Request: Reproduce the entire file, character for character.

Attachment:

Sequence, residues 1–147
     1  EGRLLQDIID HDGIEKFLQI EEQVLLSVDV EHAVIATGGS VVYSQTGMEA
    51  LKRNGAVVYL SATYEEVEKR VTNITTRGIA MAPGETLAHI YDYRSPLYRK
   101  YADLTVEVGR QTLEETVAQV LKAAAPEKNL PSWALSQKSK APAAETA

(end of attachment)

Sequence, residues 1–147
     1  EGRLLQDIID HDGIEKFLQI EEQVLLSVDV EHAVIATGGS VVYSQTGMEA
    51  LKRNGAVVYL SATYEEVEKR VTNITTRGIA MAPGETLAHI YDYRSPLYRK
   101  YADLTVEVGR QTLEETVAQV LKAAAPEKNL PSWALSQKSK APAAETA